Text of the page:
Nut flours: you can use a Vitamix to grind your own or purchase almond, hazelnut, and cashew flour. Other flours: coconut, chestnut, chickpea, seed, and soy flour.
Gums as Gluten Replacers
Because there is no gluten, you need to find ways to give your baking structure. Here are some ideas for stabilizers:
xanthan gum guar gum eggs psyllium agar agar chia seeds (add to hot water as egg replacers) flax seeds (add to hot water as egg replacers) For yeast: add 1 teaspoon of xanthan gum or guar gum per cup of flour blend For non-yeast: add ½ teaspoon of xanthan gum or guar gum per cup of flour blend.
Purchased Flour Blends
Try to buy whole grain, pure flours with no additives or sugar. If it already has xanthan or guar gum in the blend, you can always add ½ to 1 teaspoon more to your recipe.
Increase the Amounts of Other Ingredients
To add lightness, increase the baking powder and/or baking soda in the recipe by 25 percent. If the recipe stated one teaspoon of baking powder, add 1 ¼ teaspoons instead. To add moisture, increasing the amount of butter or oil, adding fruit or vegetables, brown sugar. To create more flavour, use more sugar, spices, and extracts like vanilla. Double the amount of yeast. gluten-free breads don’t rise as easily.
Browning of Baked Goods
Gluten-free baking tends to brown faster on the outside than it cooks on the inside
Lower the baking temperature by 25 degrees. Bake Lower and Longer. Cake or bread may take 15 to 30 minutes longer to bake. Take cakes out of the oven before the toothpick comes out completely clean, so a few morsels should be sticking.
Ok, now with those tips here’s an easy recipe to try out your new gluten free baking skills. My family loves lemon squares. These translate to gluten free effortlessly. Everyone loves a little something something lemon on the menu!
Gluten Free Lemon Squares Yield: 16 – 2 inch (5 cm) squares or 32 triangles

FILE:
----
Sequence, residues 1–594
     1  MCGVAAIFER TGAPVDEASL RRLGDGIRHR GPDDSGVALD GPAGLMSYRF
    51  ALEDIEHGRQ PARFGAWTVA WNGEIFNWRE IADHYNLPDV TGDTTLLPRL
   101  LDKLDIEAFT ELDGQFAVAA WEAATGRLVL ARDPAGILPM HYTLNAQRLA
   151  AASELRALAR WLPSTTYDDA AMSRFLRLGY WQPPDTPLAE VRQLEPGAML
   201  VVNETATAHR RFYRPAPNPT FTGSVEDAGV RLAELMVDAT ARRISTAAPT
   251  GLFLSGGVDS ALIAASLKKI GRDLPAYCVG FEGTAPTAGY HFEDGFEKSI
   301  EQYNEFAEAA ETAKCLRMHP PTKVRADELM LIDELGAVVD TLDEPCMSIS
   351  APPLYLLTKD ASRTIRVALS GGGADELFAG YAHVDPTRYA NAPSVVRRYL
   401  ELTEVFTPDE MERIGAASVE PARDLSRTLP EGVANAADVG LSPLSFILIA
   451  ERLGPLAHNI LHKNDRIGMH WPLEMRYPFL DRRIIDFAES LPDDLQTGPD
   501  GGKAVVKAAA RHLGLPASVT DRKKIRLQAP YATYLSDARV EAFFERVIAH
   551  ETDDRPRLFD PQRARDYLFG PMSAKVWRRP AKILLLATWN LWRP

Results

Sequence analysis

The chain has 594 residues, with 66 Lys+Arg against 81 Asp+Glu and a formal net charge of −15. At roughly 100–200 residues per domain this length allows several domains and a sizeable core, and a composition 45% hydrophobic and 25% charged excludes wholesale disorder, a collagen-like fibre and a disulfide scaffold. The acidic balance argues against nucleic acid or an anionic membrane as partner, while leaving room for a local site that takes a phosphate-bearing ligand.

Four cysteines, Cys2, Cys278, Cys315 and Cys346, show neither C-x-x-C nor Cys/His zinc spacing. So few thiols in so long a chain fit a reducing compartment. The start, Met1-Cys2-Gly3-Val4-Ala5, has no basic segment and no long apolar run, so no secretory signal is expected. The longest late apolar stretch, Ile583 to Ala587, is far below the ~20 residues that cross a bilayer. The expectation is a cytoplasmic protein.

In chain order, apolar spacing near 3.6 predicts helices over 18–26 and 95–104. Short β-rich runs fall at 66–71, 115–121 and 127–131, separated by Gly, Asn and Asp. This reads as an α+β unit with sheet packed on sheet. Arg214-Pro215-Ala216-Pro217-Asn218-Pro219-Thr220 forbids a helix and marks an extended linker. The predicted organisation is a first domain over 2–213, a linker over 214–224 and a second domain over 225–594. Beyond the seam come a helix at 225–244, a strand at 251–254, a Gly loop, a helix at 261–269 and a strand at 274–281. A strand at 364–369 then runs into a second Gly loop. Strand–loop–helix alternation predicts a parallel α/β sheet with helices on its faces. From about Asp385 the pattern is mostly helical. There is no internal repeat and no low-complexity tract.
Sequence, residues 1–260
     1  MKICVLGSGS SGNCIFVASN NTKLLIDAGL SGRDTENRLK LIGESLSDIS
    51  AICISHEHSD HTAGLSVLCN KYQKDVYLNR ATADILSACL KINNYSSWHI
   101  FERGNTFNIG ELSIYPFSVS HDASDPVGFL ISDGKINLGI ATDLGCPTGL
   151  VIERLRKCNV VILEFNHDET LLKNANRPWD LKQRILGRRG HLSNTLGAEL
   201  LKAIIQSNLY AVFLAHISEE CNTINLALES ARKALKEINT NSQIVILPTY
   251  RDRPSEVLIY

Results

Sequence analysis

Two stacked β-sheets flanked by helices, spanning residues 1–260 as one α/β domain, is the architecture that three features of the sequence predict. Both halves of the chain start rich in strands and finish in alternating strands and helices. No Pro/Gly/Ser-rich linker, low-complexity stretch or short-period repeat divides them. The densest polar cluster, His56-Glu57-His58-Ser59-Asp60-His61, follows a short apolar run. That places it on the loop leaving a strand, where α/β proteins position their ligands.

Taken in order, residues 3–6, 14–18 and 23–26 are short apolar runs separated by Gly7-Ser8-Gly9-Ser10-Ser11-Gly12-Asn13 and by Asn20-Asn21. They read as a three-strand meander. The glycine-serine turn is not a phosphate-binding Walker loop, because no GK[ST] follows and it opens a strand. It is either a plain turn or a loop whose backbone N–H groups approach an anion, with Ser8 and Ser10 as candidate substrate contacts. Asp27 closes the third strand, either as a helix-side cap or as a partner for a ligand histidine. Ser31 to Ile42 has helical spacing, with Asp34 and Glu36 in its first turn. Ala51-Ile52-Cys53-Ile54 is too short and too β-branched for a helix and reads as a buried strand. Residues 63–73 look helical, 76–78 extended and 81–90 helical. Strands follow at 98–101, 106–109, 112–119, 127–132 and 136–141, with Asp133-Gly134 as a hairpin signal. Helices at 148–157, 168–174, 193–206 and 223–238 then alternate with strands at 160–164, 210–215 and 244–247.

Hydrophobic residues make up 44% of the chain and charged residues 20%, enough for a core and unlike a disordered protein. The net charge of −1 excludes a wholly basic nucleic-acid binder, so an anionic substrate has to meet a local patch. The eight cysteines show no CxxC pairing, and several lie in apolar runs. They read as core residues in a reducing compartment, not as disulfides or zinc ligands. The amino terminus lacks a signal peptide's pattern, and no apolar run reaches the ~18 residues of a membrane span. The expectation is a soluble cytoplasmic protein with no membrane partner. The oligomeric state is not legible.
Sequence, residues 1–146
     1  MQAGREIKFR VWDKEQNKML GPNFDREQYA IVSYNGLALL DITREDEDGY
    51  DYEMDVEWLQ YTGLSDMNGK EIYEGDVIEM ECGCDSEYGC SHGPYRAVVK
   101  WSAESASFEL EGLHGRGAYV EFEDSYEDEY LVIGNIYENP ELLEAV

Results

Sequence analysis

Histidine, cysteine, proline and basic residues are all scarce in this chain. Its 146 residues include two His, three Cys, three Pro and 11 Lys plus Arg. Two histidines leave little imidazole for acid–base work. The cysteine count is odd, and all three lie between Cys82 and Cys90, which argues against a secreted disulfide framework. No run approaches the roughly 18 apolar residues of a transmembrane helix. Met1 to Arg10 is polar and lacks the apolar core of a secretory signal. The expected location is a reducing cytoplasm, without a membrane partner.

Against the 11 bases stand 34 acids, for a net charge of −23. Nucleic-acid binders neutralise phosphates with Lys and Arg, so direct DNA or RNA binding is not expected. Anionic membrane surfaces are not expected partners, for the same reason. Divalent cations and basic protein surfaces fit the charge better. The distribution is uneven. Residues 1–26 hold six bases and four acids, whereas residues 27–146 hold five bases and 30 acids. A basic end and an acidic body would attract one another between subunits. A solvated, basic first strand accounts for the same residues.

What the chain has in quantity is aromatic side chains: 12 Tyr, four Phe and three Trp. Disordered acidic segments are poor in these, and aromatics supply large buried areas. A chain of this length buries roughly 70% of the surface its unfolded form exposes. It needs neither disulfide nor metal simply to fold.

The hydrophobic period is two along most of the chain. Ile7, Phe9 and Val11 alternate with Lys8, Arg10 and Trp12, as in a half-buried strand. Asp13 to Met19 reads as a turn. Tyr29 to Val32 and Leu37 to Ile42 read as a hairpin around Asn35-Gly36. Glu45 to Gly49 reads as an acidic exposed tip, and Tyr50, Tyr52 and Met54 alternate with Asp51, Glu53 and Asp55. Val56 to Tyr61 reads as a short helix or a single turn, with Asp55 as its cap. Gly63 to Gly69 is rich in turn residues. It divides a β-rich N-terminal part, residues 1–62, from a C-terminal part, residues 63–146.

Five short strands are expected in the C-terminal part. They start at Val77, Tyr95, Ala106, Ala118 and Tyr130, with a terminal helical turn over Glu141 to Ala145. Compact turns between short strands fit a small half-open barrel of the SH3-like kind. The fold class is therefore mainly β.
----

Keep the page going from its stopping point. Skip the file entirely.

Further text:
1/2 cup (1 stick) (113 grams) unsalted butter or vegan shortening, room temperature 1/4 cup (25 grams) confectioner’s (powdered or icing) sugar 1 cup (140 grams) Cuisine Soleil gluten free all purpose flour 1/8 teaspoon salt
In the bowl of your electric mixer or food processor, cream the butter and sugar until light and fluffy.
Add the flour and salt and beat until the dough just comes together.
Press into the bottom of your greased pan and bake for about 20 – 25 minutes, or until lightly browned.
Remove from oven and place on a wire rack to cool while you make the filling.
1 cup (200 grams) granulated white sugar 2 large eggs 1/3 cup (80 ml) fresh lemon juice (approximately one large lemons) 1 tablespoon (5 grams) grated lemon zest (1 lemons) 2 tablespoons (25 grams) Cuisine Soleil gluten free all purpose flour
Confectioner’s (powdered or icing) sugar for dusting
Beat the sugar and eggs until nice and smooth. Add the lemon juice and zest and stir to combine.
Fold in the flour.
Pour the filling over the shortbread crust and bake for about 20 to 25 minutes, or until the filling is set.
Preheat oven to 350 degrees F (177 degrees C) and place rack in centre of oven.
Grease with butter (or use a cooking spray) a 8 x 8 inch (20 x 28 cm) pan.
Remove from oven and place on a wire rack to cool.
Cut into squares or triangles and dust with powdered sugar.
Store leftovers in the refrigerator or freezer.